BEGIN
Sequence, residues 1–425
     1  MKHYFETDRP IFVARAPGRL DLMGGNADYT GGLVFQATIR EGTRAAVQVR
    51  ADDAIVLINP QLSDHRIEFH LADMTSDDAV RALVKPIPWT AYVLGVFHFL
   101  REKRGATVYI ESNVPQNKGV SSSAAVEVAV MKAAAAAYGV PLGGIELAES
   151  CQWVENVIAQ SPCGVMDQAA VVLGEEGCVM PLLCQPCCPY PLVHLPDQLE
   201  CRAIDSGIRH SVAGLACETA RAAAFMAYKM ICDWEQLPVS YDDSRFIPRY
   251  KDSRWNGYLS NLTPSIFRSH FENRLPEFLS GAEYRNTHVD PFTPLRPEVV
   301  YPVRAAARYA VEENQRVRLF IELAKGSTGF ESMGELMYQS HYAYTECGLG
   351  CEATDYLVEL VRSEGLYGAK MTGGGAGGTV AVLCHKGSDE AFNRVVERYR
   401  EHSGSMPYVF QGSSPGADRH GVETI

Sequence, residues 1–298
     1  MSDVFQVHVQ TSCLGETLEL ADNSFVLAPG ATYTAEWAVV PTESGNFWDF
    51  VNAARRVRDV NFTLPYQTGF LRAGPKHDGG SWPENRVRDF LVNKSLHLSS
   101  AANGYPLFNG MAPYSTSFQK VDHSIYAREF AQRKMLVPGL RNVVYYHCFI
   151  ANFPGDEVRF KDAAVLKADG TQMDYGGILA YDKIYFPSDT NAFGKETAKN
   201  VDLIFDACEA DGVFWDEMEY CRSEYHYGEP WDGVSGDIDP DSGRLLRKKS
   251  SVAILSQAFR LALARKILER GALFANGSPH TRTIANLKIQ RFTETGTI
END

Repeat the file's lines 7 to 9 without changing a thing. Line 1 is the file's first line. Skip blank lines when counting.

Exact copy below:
   251  KDSRWNGYLS NLTPSIFRSH FENRLPEFLS GAEYRNTHVD PFTPLRPEVV
   301  YPVRAAARYA VEENQRVRLF IELAKGSTGF ESMGELMYQS HYAYTECGLG
   351  CEATDYLVEL VRSEGLYGAK MTGGGAGGTV AVLCHKGSDE AFNRVVERYR